RI President Barry Rassin 2018-19: Rotary International Board of Directors has adopted a new vision statement, reflecting our aspirations for our organization and its future. It reads, “Together, we see a world where people unite and take action to create lasting change – across the globe, in our communities, and in ourselves.” - That simple sentence distills so much of what is essential about Rotary. We unite, because we know that we are far stronger together than we could ever be alone. We take action, because we are not dreamers, but doers. We work to create lasting change that will endure long after our involvement has ended – across the globe and in our communities. And perhaps most important of all, we work to create change in ourselves – not just building a better world around us but becoming better people ourselves.


In this part of the world, the number of Rotary members is decreasing. I have tried to find out the reasons for this development in the spirit of our time, competition between different activities, changing organizational needs and expectations, as well as the relationship between publicity and Rotary. Are we old fashioned and/or trying to take too long leap in modernization?

I think we will miss the opportunities of internal influence, education, and motivation, if things are seen only outside from the point of view of publicity and the rapidly growing media. We should not forget Rotary's strong basis, 1.2 million members, for which and why Rotary organization has its right to live and flourish.

Rotary is a huge training organization with well-trained members and a constant need for training, knowledge and expertise. There is an endless need for a better understanding of world affairs to enable peace, cooperation, and services. But without the knowledge, internal motivation, and vision of what's happening around us, Rotary's development cannot succeed.

Rotary has been working for over a hundred years without interruption and the objective way in which it operates has maintained its strength in many major world events, as in eradication of Polio. Its ethically sustainable principles have enabled continuity of operations. Rotary International is the oldest service organization with 34,000 clubs in over 200 countries and on all continents.

Although social change is rapid and communication methods and platforms have expanded exponentially, we have to face the question of values and power of strong traditions. Rotary is not for those who are trying to gain the benefit and the glory of Rotary service but is working for those who want to help others and to grow spiritually and physically.

The rapid change in our operating environment and the new media hype can’t divide the membership because of knowledge, age or other causes touching modernization. Rotary needs the commitment of all its members to live a strong life also in the future. The strong basement of Rotary is the same today as it was in the early beginning of our organization.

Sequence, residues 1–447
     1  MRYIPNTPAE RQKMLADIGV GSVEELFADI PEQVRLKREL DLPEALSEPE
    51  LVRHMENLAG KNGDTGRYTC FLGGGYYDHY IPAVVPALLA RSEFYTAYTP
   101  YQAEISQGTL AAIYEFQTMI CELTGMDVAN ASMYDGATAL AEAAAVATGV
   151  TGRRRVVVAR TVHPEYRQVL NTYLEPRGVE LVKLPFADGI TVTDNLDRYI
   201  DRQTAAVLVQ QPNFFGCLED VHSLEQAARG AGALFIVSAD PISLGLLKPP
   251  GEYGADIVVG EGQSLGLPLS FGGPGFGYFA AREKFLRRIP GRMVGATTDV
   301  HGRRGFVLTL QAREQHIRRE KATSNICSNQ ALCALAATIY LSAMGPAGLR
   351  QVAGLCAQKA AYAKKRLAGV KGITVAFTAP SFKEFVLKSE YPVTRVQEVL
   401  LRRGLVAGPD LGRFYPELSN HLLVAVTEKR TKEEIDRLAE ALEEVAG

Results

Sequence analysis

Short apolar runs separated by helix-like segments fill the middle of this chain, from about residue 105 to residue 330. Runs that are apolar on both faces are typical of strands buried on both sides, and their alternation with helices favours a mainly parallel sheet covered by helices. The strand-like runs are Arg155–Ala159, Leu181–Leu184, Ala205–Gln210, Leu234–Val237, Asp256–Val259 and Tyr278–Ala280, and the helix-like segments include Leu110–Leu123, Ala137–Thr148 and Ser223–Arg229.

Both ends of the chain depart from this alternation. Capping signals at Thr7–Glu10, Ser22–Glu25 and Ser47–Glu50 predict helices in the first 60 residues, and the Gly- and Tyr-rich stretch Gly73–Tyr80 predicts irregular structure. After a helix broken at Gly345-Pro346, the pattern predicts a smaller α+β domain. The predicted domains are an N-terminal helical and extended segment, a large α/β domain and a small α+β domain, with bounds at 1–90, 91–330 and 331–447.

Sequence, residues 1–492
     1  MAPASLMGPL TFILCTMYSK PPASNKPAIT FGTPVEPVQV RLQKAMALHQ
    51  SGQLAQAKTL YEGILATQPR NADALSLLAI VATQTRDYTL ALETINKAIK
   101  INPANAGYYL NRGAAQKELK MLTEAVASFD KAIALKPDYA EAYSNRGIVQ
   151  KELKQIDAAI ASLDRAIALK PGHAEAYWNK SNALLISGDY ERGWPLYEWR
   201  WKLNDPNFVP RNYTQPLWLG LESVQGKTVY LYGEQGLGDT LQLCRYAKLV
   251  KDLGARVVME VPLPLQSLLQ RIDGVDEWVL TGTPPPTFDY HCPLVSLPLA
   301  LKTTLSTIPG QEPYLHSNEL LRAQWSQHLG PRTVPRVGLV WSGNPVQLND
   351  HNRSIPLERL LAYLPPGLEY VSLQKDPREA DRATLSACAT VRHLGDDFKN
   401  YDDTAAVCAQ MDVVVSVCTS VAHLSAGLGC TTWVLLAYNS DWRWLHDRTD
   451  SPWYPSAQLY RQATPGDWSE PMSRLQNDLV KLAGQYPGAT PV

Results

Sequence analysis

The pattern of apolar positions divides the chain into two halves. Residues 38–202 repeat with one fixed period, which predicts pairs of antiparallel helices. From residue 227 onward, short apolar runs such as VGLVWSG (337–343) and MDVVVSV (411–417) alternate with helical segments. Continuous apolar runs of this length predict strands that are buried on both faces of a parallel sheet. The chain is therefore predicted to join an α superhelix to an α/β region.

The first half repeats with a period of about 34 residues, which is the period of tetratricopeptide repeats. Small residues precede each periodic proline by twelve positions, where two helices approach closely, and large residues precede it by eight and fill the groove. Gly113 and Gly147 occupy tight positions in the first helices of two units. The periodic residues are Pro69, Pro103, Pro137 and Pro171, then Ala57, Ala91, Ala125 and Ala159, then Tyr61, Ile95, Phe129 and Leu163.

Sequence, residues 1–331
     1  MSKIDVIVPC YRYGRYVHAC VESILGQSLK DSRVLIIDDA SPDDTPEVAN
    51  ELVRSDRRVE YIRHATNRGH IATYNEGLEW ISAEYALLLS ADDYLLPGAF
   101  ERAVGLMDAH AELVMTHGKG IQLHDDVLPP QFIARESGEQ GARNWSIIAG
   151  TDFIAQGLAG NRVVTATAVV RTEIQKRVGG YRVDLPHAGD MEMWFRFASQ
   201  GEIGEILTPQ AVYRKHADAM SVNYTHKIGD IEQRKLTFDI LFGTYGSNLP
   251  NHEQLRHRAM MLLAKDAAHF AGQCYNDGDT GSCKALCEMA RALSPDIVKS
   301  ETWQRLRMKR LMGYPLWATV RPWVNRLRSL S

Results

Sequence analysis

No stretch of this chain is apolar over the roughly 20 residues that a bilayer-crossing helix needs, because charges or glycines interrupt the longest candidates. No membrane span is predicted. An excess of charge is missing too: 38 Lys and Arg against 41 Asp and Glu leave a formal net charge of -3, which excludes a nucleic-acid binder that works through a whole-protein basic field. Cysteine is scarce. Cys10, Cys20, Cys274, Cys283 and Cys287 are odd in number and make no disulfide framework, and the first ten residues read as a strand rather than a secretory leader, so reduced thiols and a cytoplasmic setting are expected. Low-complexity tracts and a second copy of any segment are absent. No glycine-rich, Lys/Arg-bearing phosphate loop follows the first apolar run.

Lars-Olof Fredriksson RI director (2008-10)



Worldwide membership is 1,227,017 as of 28 February 2018. The figure is going up as total in the Rotary world but in our Zones 15 and 16 the loss is about 4,5 percent from 1 July 2017 to date.

Globally main loser is the American continent (both north and south), except Caribbean area and the greatest winners come from India. Australian membership as also African are falling and the European figures are in the middle; better in UK than other part of Europe. Scandinavian figures are deteriorating as mentioned above. Social change refers to an alteration in the social order of a society. Social change may include changes in nature, social institutions, social behaviors, or social relations often in relation to time. In the days of birth (1905) Rotary with its young members formed a homogenous entity having a leader status. Those days the society was stable and more coherent. Rotary had its hegemony from United States and the next Rotary countries followed that mode but not any more. Big Worldwide exceptional circumstances as wars and depression had its effect to all ordinary life but Rotary increased its membership steadily. In the late 1990 came the turn and recession to nowadays figures.

Why, what has happened in the old Rotary world?

Number of refugees, asylum seekers and internally displaced people count now the most since World War II. Afgahans, Syrians and Somalis made up more than half of the global refugee population. 50% of them children, Syrians alone 11 milion!  Globally, one in every 122 humans is now either a refugee, internally displaced, or seeking asylum.


Lars has been a Rotarian since 1985 serving D1390, Finland, as governor 1999 and several years as District Trainer.- Rotary International Lars served as RI Director (2008-10), PR task force member, zone coordinator and several other task forces. He has also been COL representative 2007 and NMRCP country representative. Lars has visited, with his wife Nina, 12 District Conferences as President’s Rep. and 12 RI Conventions, latest in Seoul. As RI Director he managed two RI Institutes (Tampere 2008 and Warsaw 2009).

PDF-tiedostoRI AT A GLANCE LOF 2018.pdf (2.6 MB)
PDF-tiedostoRI DECISION MAKING 2018.pdf (2.5 MB)
PDF-tiedostoRotary for tomorrow.pdf (444 kB)